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Microplastics found in penguins in Antarctica |  Science and Ecology |  DW

Microplastics found in penguins in Antarctica | Science and Ecology | DW

A scientific team has confirmed the “widespread presence” of microplastics in the diet of penguins in Antarctica, after analyzing the faeces of three species of these animals in different places and years.

Among other particles of human origin, the researchers identified polyester and polyethylene.

Publish the work in the magazine college ecology It was signed, among other things, by researchers from the National Museum of Natural Sciences of the Spanish Supreme Council for Scientific Research (MNCN-CSIC).

Microplastics are particles less than 5 millimeters in size and are increasingly prevalent in marine ecosystems, which is a concern as they persist in the environment and accumulate in feeding chains, according to a CSIC statement.

“These pollutants reach the seas and oceans mainly through litter and waste generated by human activities,” explains Andres Barbosa, MNCN scientist and author of the work.

Fishing boats and cruise ships are among the culprits

Given the low human presence in the Antarctic Ocean and Antarctica, low pollution by microplastics is expected.

However, research stations, fishing boats, tourist boats and ocean currents make these particles reach these habitats, which can cause a high concentration at the local level, says Jose Xavier, a researcher at the University of Coimbra (Portugal) and one of the authors.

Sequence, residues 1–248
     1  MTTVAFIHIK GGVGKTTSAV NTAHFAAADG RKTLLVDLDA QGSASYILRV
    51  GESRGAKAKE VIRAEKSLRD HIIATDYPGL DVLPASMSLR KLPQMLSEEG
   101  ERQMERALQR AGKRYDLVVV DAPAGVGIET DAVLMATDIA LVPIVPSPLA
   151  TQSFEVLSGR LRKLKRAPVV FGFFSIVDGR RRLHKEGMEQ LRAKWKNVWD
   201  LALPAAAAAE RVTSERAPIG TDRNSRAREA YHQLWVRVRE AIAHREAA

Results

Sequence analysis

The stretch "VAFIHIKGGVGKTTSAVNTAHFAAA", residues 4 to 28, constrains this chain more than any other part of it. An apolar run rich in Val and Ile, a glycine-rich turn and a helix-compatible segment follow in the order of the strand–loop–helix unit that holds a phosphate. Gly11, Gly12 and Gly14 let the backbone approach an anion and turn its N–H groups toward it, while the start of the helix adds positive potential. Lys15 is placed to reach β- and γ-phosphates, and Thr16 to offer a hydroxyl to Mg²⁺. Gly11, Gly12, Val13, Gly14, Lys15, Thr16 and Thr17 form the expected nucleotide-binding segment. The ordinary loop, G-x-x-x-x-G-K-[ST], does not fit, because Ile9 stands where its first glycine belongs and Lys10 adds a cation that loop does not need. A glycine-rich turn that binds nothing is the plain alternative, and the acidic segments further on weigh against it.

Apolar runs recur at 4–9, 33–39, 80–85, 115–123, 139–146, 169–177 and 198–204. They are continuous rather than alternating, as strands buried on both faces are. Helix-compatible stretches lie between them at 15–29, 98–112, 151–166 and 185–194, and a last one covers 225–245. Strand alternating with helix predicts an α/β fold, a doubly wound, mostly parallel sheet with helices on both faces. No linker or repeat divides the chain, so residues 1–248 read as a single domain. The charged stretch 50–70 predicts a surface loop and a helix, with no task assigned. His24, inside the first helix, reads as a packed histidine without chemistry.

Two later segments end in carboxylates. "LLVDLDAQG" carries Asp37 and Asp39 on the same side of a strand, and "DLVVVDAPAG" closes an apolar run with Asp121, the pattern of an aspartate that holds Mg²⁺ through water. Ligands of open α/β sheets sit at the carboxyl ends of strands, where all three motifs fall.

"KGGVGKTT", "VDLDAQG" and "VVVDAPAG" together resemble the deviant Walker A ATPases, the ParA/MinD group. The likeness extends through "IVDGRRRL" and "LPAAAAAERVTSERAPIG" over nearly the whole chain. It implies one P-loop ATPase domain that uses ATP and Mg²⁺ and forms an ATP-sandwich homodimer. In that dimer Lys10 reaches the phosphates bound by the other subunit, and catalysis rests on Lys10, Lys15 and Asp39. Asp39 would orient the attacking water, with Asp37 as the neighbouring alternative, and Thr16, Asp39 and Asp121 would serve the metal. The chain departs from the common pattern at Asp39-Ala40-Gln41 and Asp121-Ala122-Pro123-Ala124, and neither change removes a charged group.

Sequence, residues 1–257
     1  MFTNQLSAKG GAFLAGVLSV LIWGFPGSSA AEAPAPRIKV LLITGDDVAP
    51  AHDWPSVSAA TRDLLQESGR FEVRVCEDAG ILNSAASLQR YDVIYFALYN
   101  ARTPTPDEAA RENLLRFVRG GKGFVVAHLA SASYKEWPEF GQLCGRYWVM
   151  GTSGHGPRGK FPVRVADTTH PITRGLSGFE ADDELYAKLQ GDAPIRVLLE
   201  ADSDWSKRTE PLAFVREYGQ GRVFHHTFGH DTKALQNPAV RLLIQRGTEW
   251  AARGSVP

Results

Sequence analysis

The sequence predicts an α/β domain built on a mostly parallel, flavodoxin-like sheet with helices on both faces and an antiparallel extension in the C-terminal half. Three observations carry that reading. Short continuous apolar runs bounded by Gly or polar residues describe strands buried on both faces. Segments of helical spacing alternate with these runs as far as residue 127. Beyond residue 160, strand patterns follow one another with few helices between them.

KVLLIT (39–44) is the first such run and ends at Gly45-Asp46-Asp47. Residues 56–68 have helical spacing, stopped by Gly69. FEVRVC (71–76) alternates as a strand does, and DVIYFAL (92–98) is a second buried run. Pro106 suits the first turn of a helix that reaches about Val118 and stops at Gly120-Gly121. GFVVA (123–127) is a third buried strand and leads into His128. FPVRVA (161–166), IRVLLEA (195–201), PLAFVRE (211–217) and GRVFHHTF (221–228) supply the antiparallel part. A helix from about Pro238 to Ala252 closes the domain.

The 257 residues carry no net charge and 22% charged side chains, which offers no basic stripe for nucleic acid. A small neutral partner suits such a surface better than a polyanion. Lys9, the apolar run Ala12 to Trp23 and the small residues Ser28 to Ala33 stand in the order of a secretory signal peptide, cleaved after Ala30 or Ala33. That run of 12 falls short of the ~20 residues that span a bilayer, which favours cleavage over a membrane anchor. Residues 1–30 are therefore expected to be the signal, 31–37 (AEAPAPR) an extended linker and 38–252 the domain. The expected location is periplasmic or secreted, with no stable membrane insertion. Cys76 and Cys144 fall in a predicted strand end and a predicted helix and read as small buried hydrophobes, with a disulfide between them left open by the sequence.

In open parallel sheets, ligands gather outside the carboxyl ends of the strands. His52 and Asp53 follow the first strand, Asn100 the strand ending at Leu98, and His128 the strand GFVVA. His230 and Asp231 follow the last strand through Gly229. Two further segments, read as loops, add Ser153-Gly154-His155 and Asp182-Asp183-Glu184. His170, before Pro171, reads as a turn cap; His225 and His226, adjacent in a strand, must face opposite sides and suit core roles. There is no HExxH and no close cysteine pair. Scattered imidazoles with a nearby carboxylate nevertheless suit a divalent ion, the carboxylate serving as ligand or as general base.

Although far from human societies, Antarctic penguins consume microplastics

For this, the feces of three species of penguin were analyzed: the adelie penguin (“Pygoscelis adeliae”), the chinstrap (“Pygoscelis Antarcticus”) and the gentoo (“Pygoscelis papua”).

The results show that the diet of the three species consists of different proportions of Antarctic krill, 85% in the case of the Adélie penguin; 66% in the chin strap, and finally 54% in Papua.

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“Microplastics were found in 15, 28 and 29% of the samples, respectively, in the three species studied,” details Joanna Fragao, of the University of Coimbra.

The frequency of appearance of these substances was similar in all colonies, indicating that there was no specific point of origin for pollution within the Scotia Sea.

EL (efe, STE)